Modulation of cortical activity in 2D versus 3D virtual reality environments: An EEG study

Semyon Slobounov, William Ray, Brian Johnson, Elena Slobounov, Karl M. Newell

Research output: Contribution to journalArticlepeer-review

138 Scopus citations


There is a growing empirical evidence that virtual reality (VR) is valuable for education, training, entertaining and medical rehabilitation due to its capacity to represent real-life events and situations. However, the neural mechanisms underlying behavioral confounds in VR environments are still poorly understood. In two experiments, we examined the effect of fully immersive 3D stereoscopic presentations and less immersive 2D VR environments on brain functions and behavioral outcomes. In Experiment 1 we examined behavioral and neural underpinnings of spatial navigation tasks using electroencephalography (EEG). In Experiment 2, we examined EEG correlates of postural stability and balance. Our major findings showed that fully immersive 3D VR induced a higher subjective sense of presence along with enhanced success rate of spatial navigation compared to 2D. In Experiment 1 power of frontal midline EEG (FM-theta) was significantly higher during the encoding phase of route presentation in the 3D VR. In Experiment 2, the 3D VR resulted in greater postural instability and modulation of EEG patterns as a function of 3D versus 2D environments. The findings support the inference that the fully immersive 3D enriched-environment requires allocation of more brain and sensory resources for cognitive/motor control during both tasks than 2D presentations. This is further evidence that 3D VR tasks using EEG may be a promising approach for performance enhancement and potential applications in clinical/rehabilitation settings.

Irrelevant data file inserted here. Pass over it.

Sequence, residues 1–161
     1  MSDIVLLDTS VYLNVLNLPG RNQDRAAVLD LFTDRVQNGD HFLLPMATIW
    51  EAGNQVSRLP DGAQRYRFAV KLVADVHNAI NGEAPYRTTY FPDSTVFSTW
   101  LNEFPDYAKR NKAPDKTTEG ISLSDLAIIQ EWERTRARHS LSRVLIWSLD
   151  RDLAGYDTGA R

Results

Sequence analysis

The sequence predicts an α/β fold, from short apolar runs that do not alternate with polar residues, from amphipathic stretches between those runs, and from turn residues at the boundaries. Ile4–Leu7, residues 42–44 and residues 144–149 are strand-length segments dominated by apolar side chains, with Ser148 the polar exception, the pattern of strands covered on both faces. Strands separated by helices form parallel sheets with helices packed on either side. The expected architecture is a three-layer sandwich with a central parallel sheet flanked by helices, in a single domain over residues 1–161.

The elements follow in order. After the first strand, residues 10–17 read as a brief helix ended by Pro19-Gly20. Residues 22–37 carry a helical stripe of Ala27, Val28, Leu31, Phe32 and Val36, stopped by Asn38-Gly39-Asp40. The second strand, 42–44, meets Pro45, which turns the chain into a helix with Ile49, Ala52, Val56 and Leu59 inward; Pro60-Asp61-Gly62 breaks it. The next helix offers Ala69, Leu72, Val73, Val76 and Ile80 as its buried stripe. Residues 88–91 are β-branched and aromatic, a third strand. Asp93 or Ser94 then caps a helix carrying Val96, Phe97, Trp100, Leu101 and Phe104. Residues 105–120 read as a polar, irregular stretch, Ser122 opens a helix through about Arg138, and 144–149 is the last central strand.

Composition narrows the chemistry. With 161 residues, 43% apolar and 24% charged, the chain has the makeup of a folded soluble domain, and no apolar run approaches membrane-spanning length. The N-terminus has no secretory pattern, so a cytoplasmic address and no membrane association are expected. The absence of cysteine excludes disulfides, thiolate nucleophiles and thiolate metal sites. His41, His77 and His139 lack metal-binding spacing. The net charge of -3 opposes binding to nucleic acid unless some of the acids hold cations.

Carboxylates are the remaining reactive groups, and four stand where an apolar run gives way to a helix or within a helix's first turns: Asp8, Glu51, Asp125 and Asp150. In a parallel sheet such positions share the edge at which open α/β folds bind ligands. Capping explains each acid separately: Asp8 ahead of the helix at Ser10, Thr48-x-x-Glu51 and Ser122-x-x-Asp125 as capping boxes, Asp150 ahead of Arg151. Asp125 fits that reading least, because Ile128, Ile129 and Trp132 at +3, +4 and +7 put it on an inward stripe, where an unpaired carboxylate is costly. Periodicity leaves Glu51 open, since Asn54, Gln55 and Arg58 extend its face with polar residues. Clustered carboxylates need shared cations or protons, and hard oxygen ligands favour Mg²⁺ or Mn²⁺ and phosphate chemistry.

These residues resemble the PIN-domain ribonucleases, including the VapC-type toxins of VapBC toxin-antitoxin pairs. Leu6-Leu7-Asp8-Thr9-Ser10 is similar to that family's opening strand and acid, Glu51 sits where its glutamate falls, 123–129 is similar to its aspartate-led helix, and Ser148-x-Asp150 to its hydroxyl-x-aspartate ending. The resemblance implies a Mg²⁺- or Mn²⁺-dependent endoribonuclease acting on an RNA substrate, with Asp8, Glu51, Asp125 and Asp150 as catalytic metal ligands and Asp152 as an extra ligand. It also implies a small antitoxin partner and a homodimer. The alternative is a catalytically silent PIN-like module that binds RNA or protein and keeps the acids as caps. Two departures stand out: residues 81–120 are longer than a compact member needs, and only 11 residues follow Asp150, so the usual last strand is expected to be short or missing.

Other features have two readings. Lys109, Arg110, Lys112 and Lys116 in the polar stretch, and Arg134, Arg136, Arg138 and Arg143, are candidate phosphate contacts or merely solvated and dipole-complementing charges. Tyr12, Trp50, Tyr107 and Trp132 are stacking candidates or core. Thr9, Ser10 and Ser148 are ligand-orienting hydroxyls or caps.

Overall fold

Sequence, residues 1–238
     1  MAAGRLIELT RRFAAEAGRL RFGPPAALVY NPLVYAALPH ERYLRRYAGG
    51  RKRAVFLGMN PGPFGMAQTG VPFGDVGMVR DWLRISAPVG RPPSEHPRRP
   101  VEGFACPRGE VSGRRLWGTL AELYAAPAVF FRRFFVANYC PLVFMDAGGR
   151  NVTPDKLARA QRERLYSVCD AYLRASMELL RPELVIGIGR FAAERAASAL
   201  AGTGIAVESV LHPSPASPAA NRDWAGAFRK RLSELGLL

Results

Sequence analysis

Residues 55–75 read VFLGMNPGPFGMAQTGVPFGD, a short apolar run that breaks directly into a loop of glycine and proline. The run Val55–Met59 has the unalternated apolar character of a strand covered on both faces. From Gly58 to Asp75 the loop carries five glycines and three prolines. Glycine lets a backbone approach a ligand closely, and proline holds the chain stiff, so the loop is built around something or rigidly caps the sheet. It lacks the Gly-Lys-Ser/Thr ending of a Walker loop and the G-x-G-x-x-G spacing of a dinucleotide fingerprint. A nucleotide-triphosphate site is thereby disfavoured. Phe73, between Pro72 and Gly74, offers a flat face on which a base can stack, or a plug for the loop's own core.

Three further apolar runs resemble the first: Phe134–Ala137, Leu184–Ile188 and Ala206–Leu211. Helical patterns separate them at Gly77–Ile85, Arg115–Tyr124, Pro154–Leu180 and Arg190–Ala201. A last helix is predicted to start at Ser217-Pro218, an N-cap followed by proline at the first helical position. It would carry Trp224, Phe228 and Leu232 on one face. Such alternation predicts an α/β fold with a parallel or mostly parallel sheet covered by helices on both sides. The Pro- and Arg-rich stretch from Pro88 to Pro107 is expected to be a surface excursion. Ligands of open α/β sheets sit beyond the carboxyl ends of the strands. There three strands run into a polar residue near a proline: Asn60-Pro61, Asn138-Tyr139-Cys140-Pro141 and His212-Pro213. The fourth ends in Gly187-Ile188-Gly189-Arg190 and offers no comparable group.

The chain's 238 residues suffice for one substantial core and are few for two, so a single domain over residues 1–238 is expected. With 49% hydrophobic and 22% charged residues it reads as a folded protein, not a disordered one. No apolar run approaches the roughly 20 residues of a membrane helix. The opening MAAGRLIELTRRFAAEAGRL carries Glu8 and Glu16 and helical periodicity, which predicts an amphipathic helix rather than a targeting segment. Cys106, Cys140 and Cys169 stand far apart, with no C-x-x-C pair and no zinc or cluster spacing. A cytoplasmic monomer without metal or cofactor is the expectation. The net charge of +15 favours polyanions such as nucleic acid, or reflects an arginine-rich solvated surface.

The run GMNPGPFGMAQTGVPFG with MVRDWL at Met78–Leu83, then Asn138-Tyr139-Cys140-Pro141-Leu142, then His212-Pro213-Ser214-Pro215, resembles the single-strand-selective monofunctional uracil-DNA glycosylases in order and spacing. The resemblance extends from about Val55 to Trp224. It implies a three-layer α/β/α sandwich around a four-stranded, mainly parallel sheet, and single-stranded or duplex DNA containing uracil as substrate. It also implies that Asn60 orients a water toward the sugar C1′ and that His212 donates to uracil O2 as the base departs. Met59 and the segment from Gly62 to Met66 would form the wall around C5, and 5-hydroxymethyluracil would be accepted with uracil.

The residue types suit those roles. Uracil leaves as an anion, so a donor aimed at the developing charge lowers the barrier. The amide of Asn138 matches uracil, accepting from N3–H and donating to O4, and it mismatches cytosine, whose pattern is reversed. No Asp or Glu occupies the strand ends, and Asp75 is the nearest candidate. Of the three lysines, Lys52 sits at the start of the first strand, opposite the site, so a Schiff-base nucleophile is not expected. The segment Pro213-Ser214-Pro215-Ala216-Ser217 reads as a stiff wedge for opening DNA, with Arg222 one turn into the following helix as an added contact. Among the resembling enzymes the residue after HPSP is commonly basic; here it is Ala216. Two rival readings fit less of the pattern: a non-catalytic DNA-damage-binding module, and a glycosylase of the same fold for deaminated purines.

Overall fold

Original languageEnglish (US)
Pages (from-to)254-260
Number of pages7
JournalInternational Journal of Psychophysiology
Issue number3
StatePublished - Mar 1 2015

All Science Journal Classification (ASJC) codes

  • General Neuroscience
  • Neuropsychology and Physiological Psychology
  • Physiology (medical)


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